Show type: Edinburgh Fringe 2007
Sketches with Roisin Conaty and Caroline Ginty
New female double act The Cakes show a lot of promise with their debut show. It’s flawed – the pace is uneven and the girls are sometimes too solemn – but there are enough good ideas and engaging performances to intrigue.
From the start, their premise – or ‘lie’ as they more accurately call it - is neat: that they’ve bought a second-hand camcorder from eBay and this show is the footage from its various previous owners that they found on it.
The first sketch is one of the best scenarios, and proves an impressive calling card for the duo – stand-up Roisin Conaty and actress Caroline Ginty. They play a couple of agoraphobics sending a video message to the outside world. There’s something intrinsically melancholic about from-the-heart video messages from someone you don’t know, possibly because we’re so used to seeing such footage from beyond the grave, but performing to the unseen camera certainly gives a tragic edge to this sketch.
But it’s not bleak, and includes more than a couple of great lines. Conaty sounds uncannily like David Brent in this, nervously irritated, always trying to impose her superiority over her fellow sufferer. She also manages to capture the same naturalistic rhythm, reflecting the way people talk in real life, rather than scripts.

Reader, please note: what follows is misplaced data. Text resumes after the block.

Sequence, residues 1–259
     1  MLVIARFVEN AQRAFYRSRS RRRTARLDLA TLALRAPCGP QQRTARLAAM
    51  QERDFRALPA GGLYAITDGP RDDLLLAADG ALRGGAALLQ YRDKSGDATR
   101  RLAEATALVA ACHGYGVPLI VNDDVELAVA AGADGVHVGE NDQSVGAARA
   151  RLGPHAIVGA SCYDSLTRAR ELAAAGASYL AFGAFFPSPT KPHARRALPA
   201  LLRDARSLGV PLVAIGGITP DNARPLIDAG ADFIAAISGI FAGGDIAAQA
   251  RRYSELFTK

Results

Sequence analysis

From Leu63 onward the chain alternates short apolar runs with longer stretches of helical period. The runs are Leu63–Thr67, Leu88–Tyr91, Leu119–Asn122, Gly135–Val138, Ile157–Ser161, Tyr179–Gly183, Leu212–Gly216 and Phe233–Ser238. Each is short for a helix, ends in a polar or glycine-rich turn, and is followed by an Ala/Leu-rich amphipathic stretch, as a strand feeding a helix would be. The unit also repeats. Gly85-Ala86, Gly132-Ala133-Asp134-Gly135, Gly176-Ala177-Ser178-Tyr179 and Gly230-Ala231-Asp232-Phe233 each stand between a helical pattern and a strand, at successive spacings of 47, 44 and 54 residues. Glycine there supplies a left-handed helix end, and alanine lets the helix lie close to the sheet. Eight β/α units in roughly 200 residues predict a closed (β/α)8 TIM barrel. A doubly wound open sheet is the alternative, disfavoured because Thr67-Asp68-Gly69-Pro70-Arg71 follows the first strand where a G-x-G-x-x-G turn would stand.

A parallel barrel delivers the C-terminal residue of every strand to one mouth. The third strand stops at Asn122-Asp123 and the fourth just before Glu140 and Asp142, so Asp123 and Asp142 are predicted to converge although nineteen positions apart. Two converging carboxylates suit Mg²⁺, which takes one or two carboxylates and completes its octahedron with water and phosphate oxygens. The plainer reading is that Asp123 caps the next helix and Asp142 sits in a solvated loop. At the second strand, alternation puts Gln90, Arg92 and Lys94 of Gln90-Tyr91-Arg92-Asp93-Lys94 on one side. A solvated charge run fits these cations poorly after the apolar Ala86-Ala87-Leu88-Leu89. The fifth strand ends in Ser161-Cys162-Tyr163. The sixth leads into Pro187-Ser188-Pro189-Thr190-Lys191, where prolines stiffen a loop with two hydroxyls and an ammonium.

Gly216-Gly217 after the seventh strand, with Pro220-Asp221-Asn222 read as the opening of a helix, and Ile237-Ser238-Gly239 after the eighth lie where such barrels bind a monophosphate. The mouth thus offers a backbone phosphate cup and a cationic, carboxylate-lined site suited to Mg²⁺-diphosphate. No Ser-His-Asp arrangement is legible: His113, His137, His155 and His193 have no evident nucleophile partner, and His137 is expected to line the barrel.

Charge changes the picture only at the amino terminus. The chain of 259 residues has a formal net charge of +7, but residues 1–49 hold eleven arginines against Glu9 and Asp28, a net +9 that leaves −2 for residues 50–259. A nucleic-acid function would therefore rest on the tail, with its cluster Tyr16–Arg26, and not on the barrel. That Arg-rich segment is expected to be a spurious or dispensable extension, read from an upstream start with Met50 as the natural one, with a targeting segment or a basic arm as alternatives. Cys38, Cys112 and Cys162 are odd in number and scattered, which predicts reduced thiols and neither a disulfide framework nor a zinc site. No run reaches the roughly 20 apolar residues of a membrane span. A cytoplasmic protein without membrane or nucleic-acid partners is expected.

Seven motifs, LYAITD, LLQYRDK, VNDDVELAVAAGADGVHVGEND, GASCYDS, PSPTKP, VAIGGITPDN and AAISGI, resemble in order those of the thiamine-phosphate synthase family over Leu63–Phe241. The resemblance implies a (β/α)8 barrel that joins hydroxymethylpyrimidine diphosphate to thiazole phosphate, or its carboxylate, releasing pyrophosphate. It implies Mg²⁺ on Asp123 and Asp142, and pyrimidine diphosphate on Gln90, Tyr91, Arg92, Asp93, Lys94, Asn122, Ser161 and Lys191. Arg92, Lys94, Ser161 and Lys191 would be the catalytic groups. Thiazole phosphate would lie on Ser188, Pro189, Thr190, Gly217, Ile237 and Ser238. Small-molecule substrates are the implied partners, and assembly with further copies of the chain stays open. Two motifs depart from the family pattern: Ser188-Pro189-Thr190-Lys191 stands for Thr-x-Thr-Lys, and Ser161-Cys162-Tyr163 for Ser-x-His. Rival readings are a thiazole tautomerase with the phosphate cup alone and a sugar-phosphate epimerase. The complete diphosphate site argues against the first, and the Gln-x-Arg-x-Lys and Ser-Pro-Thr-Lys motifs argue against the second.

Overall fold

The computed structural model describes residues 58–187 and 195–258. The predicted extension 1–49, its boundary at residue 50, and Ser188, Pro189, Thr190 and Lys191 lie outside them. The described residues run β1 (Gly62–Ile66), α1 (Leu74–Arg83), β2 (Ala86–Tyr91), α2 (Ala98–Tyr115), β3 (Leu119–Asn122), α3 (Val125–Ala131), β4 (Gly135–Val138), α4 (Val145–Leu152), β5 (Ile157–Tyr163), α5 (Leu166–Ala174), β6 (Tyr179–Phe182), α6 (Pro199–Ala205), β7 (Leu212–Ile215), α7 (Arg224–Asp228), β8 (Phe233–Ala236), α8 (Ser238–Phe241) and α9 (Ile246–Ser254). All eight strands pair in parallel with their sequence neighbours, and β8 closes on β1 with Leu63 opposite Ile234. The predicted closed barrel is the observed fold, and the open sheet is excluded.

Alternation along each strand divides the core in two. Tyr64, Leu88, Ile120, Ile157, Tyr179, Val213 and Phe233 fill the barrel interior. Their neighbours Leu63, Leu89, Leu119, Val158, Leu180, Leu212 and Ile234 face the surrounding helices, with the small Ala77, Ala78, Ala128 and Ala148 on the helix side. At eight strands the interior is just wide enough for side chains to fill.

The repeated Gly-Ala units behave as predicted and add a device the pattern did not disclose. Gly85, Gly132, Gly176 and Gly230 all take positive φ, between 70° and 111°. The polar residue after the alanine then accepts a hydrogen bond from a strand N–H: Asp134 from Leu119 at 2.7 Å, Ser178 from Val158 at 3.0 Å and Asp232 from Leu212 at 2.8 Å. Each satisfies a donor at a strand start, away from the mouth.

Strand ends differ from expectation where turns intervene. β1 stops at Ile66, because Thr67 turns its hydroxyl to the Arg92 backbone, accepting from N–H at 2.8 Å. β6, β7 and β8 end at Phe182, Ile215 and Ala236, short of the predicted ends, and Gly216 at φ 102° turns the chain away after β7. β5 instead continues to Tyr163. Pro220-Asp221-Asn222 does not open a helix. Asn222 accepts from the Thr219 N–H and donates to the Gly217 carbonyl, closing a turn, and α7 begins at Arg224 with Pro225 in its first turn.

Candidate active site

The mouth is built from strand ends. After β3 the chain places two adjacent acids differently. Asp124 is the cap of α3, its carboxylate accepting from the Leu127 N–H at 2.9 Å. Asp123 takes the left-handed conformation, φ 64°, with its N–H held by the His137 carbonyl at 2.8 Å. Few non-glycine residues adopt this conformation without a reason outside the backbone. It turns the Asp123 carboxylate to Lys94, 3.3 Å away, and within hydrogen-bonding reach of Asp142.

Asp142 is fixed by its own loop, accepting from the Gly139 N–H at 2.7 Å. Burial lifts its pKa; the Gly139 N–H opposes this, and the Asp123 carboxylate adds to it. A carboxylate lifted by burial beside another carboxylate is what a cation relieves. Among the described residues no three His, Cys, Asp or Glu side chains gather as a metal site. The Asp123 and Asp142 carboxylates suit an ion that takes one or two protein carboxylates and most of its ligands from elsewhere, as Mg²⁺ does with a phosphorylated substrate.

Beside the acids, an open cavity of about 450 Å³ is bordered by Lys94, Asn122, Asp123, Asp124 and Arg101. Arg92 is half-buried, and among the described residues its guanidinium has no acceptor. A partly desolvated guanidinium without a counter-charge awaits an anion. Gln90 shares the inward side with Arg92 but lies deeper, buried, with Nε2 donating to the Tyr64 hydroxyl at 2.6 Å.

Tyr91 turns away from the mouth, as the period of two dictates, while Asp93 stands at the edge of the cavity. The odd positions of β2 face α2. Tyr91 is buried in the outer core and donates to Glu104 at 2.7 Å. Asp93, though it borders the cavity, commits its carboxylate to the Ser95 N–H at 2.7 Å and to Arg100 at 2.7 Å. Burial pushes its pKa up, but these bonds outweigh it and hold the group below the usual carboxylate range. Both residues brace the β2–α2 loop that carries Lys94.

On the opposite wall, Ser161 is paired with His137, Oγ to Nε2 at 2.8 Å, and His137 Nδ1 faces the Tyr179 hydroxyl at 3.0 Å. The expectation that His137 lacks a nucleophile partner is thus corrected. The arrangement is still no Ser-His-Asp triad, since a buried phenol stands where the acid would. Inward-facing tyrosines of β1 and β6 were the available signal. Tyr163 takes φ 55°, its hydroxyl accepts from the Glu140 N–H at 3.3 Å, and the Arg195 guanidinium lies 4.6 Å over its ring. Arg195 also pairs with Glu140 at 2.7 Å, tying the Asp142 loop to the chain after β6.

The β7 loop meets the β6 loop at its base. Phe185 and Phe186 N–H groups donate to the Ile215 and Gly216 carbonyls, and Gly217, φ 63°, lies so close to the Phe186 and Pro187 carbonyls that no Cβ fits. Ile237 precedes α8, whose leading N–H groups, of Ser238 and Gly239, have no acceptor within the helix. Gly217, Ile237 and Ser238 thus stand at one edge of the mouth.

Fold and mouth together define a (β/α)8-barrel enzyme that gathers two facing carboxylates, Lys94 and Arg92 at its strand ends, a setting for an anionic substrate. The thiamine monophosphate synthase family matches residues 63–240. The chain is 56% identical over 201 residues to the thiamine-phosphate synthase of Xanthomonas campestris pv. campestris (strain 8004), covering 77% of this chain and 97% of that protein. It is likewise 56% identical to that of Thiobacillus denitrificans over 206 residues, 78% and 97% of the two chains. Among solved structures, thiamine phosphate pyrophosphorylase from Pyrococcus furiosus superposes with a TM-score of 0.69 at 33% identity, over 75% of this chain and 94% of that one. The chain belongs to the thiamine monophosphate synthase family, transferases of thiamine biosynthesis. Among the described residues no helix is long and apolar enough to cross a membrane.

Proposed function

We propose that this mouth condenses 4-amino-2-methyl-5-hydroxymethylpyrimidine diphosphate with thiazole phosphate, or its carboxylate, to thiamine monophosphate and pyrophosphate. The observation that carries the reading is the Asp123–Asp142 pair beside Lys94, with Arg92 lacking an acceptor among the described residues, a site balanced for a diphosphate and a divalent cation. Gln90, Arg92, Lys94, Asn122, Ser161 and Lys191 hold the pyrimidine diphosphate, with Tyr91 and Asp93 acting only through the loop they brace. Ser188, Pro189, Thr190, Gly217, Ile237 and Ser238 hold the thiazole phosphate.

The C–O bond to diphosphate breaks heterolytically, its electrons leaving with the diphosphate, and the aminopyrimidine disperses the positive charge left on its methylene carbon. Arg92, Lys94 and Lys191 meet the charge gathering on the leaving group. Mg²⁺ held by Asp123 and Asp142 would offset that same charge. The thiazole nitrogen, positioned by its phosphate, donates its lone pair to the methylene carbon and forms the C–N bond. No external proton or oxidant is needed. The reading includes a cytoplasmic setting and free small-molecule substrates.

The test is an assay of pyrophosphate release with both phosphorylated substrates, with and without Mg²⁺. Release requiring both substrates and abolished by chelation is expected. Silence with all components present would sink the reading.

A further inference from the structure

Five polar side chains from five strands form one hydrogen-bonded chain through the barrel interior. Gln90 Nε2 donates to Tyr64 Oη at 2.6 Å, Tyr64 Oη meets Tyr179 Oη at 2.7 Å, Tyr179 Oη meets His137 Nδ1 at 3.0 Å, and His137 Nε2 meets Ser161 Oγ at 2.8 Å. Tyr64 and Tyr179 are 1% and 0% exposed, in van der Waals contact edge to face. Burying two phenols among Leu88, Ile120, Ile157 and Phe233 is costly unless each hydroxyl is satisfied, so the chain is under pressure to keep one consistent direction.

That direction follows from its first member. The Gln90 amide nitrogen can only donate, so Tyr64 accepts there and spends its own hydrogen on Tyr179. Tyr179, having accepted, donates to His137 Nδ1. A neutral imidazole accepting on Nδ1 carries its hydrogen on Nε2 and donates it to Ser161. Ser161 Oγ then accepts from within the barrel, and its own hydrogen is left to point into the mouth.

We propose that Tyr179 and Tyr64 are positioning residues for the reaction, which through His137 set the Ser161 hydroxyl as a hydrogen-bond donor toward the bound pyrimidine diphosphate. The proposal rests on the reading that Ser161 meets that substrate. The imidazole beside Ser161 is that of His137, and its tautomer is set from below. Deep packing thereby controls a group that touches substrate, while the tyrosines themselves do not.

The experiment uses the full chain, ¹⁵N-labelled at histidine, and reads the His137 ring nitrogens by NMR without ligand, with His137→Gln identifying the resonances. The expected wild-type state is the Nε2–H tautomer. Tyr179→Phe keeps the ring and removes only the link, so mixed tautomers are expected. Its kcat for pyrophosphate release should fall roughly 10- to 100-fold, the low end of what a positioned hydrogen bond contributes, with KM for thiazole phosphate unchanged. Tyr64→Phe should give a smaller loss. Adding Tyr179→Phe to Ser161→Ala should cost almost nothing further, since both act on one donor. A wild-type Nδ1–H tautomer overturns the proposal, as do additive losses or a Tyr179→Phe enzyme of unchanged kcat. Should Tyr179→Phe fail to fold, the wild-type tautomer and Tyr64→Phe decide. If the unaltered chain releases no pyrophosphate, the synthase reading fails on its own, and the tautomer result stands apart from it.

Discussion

Not all the characters are so subtle. Ginty skilfully plays a performance poet with a canon of verses about bodily functions, then later a worthy-but-useless Fringe actress staging her one-woman epic melodrama When Crystal Meth Came To Town. Conaty’s suicidal 37-year-old seeking to end it all out of sheer boredom rather than abject depression was also a highlight, tackling the subject from an obtuse angle.
A bizarre teenage spiritualist stuck in the woods with her best friend is bizarre, Conaty giving her a slow, baritone that hinders the pace of a glum scene that already goes on too long. But they cause each other to corpse, breaking the mood wonderfully, and they should exploit that chemistry with a bit more unplanned interaction more than the couple of brief moments when it does occur.
There’s nifty use of language in many of the sketches. Punchlines like ‘you must learn to edit your metaphors’ don’t work on the page, but they do on the stage, even if many lines are more worthy of a smile than a belly laugh.
Not everything connects well with the audience; a brisker approach to some of the sketches and more fluidity in the performances would help that. But The Cakes are definitely a distinctive duo who have created some memorable scenes in this capable debut.
Reviewed by: Steve Bennett